What is PowerApps code components? ›

Code components are a type of solution component, which means they can be included in a solution file and imported into different environments. More information: Package and distribute extensions using solutions.

When should you not use PowerApps? ›

  1. Hidden/Rising Costs. One of the biggest surprises companies encounter when they evaluate Microsoft PowerApps is that it isn't a “free” enterprise product. ...
  2. Absence of Smartphone Features. ...
  3. Lack of Security Control. ...
  4. Steep Learning Curve. ...
  5. Sub-Standard Offline Capability. ...
  6. Limited Integration.

How many types of PowerApps are there? ›

There are two main types of Power Apps: Canvas apps and Model-driven apps. Previously, Power Apps Portals would have fallen under this category. Microsoft have since released Power Pages, a standalone product that has evolved from the functionality of Power Apps Portals.

What coding does power automate use? ›

Power Automate for desktop enables you to automate complex scenarios using scripts in VBScript, JavaScript, PowerShell, and Python.

Is PowerApps hard to learn? ›

What's more, PowerApps is generally quite easy to learn. You can use it to swiftly take charge of your destiny as long as you make the correct decisions when it comes to structuring.

What is power automate built on? ›

Power Automate is built on the Common Data Service Platform and allows you to connect to the Microsoft suite of software. This suite includes Office 365, Dynamics 365, Azure, Microsoft Teams, and more. “Microsoft Power Platform is an inclusive technology.

Is PowerApps a developer? ›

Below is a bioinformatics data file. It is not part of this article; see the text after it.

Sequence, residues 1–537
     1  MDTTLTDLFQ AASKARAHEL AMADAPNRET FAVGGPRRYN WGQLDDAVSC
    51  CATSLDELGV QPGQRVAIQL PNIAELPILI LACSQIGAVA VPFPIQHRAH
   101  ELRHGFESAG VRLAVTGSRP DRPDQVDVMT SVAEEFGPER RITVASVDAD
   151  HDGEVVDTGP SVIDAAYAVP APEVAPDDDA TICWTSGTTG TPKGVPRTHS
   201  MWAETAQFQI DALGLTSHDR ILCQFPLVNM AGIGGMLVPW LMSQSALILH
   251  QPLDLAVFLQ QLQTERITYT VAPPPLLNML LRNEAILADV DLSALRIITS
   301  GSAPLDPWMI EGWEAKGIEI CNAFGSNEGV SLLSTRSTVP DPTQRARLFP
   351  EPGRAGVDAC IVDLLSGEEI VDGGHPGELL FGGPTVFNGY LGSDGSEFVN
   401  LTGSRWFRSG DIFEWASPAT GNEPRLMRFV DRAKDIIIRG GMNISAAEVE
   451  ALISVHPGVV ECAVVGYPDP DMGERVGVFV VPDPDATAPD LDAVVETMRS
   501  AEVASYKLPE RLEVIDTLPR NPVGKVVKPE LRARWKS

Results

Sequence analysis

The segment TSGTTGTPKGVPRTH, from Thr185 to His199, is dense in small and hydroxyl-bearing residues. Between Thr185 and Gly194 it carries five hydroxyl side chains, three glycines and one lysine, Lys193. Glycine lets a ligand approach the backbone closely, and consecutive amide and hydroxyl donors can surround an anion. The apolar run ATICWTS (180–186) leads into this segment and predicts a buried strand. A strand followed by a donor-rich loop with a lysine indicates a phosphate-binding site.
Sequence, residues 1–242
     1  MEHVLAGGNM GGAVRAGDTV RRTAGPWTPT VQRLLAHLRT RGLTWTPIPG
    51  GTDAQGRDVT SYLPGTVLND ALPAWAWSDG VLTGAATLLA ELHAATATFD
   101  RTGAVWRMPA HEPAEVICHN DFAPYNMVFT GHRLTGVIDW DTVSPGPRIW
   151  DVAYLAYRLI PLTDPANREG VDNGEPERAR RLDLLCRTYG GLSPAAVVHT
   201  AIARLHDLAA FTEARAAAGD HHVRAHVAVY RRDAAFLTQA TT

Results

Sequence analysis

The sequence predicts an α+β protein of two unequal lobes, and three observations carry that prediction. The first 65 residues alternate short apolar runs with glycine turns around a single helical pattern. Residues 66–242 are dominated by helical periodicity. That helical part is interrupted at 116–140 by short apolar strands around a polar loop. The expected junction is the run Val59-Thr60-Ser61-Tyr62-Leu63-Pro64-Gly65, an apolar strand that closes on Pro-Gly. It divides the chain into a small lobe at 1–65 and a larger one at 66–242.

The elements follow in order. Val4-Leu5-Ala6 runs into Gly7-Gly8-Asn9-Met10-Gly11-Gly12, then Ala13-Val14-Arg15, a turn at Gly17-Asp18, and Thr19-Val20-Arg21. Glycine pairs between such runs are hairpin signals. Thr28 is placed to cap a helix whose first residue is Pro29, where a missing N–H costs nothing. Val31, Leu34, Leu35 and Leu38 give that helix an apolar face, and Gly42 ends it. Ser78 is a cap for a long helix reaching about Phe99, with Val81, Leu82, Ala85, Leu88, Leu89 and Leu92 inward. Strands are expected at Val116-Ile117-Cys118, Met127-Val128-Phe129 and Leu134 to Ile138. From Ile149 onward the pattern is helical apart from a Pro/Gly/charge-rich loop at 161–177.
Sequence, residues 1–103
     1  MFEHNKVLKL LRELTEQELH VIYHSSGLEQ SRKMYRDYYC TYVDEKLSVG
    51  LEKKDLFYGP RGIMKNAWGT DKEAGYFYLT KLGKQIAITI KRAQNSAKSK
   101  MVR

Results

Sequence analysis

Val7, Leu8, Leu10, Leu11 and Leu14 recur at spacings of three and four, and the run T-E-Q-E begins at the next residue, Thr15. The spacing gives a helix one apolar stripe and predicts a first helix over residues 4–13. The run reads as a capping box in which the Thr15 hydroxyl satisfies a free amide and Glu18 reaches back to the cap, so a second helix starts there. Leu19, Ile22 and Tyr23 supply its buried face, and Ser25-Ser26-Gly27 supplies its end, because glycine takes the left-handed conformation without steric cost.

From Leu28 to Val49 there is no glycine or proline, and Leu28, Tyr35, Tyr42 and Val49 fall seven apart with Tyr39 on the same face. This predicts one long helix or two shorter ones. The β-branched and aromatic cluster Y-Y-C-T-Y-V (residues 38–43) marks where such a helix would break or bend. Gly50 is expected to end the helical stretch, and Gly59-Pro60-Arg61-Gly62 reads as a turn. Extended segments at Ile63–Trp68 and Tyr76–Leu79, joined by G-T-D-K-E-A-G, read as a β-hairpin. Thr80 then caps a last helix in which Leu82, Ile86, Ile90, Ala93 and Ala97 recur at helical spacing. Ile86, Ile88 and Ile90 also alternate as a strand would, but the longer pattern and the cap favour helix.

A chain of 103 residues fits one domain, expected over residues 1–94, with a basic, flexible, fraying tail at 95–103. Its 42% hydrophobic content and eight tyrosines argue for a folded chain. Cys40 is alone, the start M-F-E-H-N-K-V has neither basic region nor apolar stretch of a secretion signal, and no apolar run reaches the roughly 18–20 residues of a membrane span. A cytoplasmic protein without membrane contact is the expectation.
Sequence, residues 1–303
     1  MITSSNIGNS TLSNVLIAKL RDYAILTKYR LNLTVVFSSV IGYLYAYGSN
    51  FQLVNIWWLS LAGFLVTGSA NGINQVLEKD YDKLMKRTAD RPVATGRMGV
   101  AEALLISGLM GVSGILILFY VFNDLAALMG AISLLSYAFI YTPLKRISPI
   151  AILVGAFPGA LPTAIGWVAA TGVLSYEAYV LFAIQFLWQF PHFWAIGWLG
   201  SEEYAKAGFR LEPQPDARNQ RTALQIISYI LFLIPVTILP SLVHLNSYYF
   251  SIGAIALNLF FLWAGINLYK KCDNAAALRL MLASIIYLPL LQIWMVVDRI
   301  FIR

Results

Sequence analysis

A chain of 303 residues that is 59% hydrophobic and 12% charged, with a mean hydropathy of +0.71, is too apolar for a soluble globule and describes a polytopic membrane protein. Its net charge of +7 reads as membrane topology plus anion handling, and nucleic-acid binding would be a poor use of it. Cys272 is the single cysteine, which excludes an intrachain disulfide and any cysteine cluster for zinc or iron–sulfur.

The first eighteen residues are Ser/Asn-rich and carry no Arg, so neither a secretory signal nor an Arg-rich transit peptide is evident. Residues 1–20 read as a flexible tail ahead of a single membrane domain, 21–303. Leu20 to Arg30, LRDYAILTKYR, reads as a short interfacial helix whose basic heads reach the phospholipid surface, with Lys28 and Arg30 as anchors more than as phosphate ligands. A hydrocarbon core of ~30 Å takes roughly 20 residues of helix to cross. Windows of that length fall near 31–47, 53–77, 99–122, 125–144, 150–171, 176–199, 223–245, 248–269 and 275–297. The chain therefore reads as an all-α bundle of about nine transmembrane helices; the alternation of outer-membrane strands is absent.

The Power Apps Developer Plan gives you a free development environment to build and test with Power Apps, Power Automate, and Microsoft Dataverse. The plan enables you to: Create apps and flows without writing code, with full-featured Power Apps and Power Automate development tools.


1. My Power Apps UI Design Process #PowerAppsDesign
(April Dunnam)
2. PowerApps Tips and Tricks - Create loading spinners, add comments, make your life easier, and more!
(Shane Young)
3. 👍 Build Your First Canvas Power Apps Tutorial [Hands-On Course]
(Pragmatic Works)
4. 5 UI Design Best Practices for Power Apps Beginners [Episode 31]
(Pragmatic Works)
5. PowerApps Left Navigation Component
(Reza Dorrani)
6. Creating and Using Power Apps Custom Connectors in Canvas App
(Pragmatic Works)
Top Articles
Latest Posts
Article information

Author: Melvina Ondricka

Last Updated: 22/07/2023

Views: 6472

Rating: 4.8 / 5 (68 voted)

Reviews: 83% of readers found this page helpful

Author information

Name: Melvina Ondricka

Birthday: 2000-12-23

Address: Suite 382 139 Shaniqua Locks, Paulaborough, UT 90498

Phone: +636383657021

Job: Dynamic Government Specialist

Hobby: Kite flying, Watching movies, Knitting, Model building, Reading, Wood carving, Paintball

Introduction: My name is Melvina Ondricka, I am a helpful, fancy, friendly, innocent, outstanding, courageous, thoughtful person who loves writing and wants to share my knowledge and understanding with you.